The shad are running, and you know what that means. Fish are swimming into the freshwater estuaries to spawn, and shad roe is popping up in restaurants around town. The coastal delicacy consists of two flat, connected sacs filled with hundreds of thousands of eggs. It looks more like a liver than the typical fish roe you might have encountered before. Traditionally, it’s prepared with scrambled eggs or grits and served for breakfast. The roe is available for a few brief weeks in early spring, so we called around to see who’s got it on their menu this weekend.

Chef Sean Brock at McCrady’s is nestling a sac of shad roe on a small bed of Sea Island white flint corn grits. The delicate little treat is topped with country ham marmalade, baby swiss chard, and green garlic purée.

At Hominy Grill, Chef Robert Stehling sautés the shad roe and serves it with bacon, mushrooms, asparagus, lemon, garlic, and Tabasco. The ensemble is served with creamy Edisto cheese grits. Stehling prepares the grits by broiling them with butter, Parmesan cheese, salt, pepper, and Tabasco. “Shad roe is a good brunch item that goes well with scrambled eggs,” he says.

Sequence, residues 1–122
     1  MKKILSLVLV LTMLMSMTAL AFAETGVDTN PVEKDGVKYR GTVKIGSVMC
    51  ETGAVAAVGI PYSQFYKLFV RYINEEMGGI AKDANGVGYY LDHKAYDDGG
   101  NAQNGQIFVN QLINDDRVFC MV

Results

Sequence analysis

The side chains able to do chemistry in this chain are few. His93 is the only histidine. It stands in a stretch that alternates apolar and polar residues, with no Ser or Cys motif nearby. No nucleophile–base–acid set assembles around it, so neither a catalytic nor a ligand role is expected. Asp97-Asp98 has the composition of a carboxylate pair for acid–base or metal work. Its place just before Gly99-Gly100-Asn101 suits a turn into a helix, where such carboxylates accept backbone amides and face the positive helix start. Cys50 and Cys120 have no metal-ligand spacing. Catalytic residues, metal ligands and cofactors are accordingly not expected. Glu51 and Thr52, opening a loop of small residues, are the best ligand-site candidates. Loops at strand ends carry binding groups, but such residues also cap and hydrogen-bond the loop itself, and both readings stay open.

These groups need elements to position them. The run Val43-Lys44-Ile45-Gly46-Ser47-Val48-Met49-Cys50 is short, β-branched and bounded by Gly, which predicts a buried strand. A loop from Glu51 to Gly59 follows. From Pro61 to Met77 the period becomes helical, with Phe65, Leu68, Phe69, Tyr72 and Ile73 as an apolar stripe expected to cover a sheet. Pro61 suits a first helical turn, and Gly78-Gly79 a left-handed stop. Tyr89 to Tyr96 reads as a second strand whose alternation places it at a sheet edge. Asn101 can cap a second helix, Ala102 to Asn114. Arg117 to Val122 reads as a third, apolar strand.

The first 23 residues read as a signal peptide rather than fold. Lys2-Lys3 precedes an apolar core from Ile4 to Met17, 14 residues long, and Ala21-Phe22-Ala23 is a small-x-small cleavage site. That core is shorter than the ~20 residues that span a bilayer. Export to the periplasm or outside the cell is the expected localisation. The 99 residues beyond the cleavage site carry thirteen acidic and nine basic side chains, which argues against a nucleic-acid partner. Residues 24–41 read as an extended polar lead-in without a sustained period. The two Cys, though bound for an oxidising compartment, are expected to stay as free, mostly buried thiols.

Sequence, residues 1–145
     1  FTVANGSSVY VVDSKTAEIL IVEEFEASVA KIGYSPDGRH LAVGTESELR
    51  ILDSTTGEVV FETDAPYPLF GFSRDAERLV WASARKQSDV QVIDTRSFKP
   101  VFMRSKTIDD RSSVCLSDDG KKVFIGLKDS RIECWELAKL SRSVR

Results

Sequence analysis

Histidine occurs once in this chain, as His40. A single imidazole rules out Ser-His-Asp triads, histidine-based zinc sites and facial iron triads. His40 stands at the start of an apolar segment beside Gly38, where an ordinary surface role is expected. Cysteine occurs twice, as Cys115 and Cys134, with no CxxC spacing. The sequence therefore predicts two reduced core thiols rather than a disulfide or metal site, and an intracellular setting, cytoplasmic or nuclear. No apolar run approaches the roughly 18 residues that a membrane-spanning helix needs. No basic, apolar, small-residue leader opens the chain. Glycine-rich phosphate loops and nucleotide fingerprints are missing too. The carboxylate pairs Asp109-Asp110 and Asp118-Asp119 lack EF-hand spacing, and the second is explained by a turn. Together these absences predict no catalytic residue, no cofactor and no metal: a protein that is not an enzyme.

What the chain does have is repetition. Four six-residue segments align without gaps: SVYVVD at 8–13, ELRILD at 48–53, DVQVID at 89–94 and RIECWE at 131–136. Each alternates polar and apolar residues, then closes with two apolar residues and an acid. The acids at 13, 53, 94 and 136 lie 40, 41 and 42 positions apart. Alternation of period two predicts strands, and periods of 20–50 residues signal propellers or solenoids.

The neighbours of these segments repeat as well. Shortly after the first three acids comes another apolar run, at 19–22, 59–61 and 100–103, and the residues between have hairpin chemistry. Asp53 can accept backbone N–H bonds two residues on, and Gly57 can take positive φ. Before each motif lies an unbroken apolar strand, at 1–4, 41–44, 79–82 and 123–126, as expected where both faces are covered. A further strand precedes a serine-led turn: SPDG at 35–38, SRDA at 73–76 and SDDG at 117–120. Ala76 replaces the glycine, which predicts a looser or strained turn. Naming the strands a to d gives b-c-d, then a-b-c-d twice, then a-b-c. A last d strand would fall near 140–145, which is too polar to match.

Slightly North of Broad prepares the shad roe by simply wrapping it in bacon and searing it in a pan. The delicacy is then served with Timms Mill stone-ground grits. “The dish is only around for a few weeks and the shad roe is shipped from 45 miles away,” says Sous Chef Kristin Osborne. “It’s something that shouldn’t be missed.”

FIG prepares shad roe with a bit of an Italian twist, wrapping the roe in pancetta and searing it in a pan. The pancetta is shipped from salumi masters Salumeria Biellese in New York City. The pancetta-wrapped roe is then plated with creamy spinach, pan-roasted cauliflower, capers, and brown butter. “We don’t overwhelm the customer with the shad roe,” says Sous Chef Jason Stanhope. “We serve it with a local flair that accents the dish instead of disrupting it.”

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